A quarterly publication of the Autism Research Institute

The Autism Research Review International is quarterly publication of the Autism Research Institute

Winter, 2019 | Number 1, Volume 33

Simple microbe therapy may improve social behavior in autism

A study conducted by a team of researchers at Baylor University suggests that administering a specific strain of gut microbes to individuals with autism may help ameliorate their social deficits.

Study coauthor Mauro Costa-Mattioli says, “In 2016, we discovered in mice that the offspring of mothers fed a high-fat diet had social deficits and changes in their gut microbiome were characterized by a reduction in the abundance of the bacterial species L. reuteri. More importantly, restoring L. reuteri levels in the offspring reversed their social deficits. This model of ASD represents only one of the numerous heterogeneous underpinnings of the condition. Therefore, we decided to investigate whether our findings would apply to other models with different origins.”

When the researchers tested the effects of L. reuteri on a range of mouse models, they found that the microbe reversed social deficits in all models tested—whether the autism was environmentally caused, genetically caused, or idiopathic (meaning that the cause was unknown). The researchers also found that the effects of L. reuteri did not result from changes to the composition of the gut microbiome, which was altered in all of the models tested. Instead, study coauthor Martina Sgritta says, “We discovered that L. reuteri promotes social behavior via the vagus nerve, a nerve that bidirectionally connects the gut and the brain and the oxytocin-dopamine reward system.” Activation of this nerve stimulates neurons that produce oxytocin, a hormone that promotes social bonding.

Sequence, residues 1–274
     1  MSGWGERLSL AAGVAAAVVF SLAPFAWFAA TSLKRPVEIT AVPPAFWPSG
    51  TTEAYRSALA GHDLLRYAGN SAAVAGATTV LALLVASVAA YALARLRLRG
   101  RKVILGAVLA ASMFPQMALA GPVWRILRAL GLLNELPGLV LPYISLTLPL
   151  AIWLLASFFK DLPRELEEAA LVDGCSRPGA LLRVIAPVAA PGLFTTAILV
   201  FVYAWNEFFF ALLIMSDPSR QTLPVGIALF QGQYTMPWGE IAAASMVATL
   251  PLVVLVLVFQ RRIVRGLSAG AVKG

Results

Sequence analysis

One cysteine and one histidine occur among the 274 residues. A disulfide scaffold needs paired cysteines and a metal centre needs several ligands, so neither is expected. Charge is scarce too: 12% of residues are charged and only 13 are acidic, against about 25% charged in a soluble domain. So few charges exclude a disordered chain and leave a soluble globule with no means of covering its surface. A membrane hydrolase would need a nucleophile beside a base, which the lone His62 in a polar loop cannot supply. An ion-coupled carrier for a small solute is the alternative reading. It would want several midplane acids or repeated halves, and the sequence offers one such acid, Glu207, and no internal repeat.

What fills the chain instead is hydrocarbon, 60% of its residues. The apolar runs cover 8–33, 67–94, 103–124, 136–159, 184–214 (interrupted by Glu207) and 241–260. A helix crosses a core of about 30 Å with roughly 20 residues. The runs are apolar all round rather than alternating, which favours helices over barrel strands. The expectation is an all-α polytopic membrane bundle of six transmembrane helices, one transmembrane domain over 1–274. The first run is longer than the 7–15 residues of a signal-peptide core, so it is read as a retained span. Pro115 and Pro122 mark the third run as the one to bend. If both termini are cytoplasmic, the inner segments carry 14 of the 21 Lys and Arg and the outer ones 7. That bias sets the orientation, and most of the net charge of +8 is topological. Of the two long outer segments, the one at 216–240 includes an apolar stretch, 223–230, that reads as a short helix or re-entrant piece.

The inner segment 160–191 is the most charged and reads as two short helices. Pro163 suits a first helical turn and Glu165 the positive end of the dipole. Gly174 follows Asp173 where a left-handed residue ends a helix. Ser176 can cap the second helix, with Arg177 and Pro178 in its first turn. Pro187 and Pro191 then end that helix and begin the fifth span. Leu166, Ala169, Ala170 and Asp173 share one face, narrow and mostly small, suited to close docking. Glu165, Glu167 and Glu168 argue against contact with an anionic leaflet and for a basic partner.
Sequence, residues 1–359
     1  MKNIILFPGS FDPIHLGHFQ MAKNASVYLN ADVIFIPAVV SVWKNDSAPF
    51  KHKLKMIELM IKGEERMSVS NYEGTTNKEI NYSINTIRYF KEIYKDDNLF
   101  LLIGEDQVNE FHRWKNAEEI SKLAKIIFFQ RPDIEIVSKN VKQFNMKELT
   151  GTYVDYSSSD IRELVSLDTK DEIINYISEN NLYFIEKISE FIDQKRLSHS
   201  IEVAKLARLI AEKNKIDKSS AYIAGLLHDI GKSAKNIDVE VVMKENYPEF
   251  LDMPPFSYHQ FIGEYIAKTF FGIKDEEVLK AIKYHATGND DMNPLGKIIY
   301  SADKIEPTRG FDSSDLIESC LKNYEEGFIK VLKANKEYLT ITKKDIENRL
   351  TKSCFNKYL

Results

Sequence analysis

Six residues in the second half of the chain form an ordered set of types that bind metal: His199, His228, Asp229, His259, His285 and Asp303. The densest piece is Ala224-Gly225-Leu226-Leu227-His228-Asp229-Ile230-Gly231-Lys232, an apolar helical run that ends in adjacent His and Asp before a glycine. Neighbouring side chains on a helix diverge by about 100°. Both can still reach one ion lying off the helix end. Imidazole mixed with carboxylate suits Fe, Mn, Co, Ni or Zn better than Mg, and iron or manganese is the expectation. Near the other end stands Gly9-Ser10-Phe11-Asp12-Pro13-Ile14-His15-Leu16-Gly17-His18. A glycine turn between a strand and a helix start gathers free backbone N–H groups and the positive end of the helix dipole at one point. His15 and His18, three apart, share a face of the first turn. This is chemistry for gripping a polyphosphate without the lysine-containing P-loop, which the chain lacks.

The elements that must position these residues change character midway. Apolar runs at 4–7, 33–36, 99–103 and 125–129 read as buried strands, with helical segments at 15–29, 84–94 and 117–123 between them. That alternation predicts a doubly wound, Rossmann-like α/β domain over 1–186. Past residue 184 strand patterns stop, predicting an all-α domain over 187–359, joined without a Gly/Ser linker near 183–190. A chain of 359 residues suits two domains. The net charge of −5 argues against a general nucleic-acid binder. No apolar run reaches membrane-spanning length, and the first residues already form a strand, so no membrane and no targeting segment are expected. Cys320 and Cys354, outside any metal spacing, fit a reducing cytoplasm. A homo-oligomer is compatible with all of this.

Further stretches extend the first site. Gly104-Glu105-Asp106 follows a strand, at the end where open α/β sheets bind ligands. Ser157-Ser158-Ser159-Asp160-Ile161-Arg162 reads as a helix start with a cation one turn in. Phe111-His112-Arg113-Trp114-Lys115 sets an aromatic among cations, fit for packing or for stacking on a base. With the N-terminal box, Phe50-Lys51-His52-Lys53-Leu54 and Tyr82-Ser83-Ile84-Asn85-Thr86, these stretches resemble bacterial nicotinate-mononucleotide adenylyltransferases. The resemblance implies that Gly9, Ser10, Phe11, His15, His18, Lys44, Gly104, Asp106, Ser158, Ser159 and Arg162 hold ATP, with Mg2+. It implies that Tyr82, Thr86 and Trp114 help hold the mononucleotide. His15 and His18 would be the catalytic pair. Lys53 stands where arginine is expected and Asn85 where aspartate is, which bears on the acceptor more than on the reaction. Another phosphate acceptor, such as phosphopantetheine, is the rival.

“Interestingly,” Sgritta says, “we found that when the vagus nerve was severed, and the brain-gut connection was disrupted, L. reuteri could no longer restore social behavior in ASD mice. In addition, when we genetically engineered mice to lack oxytocin receptors in reward neurons or blocked the receptors with specific drugs, the treatment with L. reuteri also failed to reverse the social deficits in the ASD mice.”

The researchers emphasize that their findings are preliminary and that the effects of L. reuteri need to be tested in clinical trials on humans. However, they conclude, “Treatment with L. reuteri emerges as a promising non-invasive microbial-based avenue to combat ASD-related social dysfunction.”


Citations

“Mechanisms underlying microbial-mediated changes in social behavior in mouse models of autism spectrum disorder,” Martina Sgritta, Sean W. Dooling, Shelly A. Buffington, Eric N. Momin, Michael B. Francis, Robert A. Britton, and Mauro Costa-Mattioli, Cell, December 3, 2018 (online). Address: Mauro Costa-Mattioli, [email protected].

—and—

“The power of the microbiome: A microbebased treatment reverses social deficits in mouse models of autism,” From the Labs, Baylor College of Medicine, December 13, 2018.

—and—

“Can autism be treated with a simple microbial-based therapy?”, ScienceBlog.com, December 21, 2018.